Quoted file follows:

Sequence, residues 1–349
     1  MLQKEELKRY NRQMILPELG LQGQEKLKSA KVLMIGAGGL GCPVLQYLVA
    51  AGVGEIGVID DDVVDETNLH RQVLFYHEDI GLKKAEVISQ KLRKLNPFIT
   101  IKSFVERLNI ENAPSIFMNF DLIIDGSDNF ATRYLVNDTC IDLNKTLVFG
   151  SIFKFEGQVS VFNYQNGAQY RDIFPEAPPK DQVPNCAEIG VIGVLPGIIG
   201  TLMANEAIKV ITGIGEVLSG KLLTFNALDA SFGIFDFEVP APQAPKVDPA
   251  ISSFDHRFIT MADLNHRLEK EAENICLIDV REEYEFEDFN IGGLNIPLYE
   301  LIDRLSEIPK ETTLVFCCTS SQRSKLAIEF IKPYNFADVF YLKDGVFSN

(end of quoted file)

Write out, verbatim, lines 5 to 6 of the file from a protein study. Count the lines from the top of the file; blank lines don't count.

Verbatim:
   151  SIFKFEGQVS VFNYQNGAQY RDIFPEAPPK DQVPNCAEIG VIGVLPGIIG
   201  TLMANEAIKV ITGIGEVLSG KLLTFNALDA SFGIFDFEVP APQAPKVDPA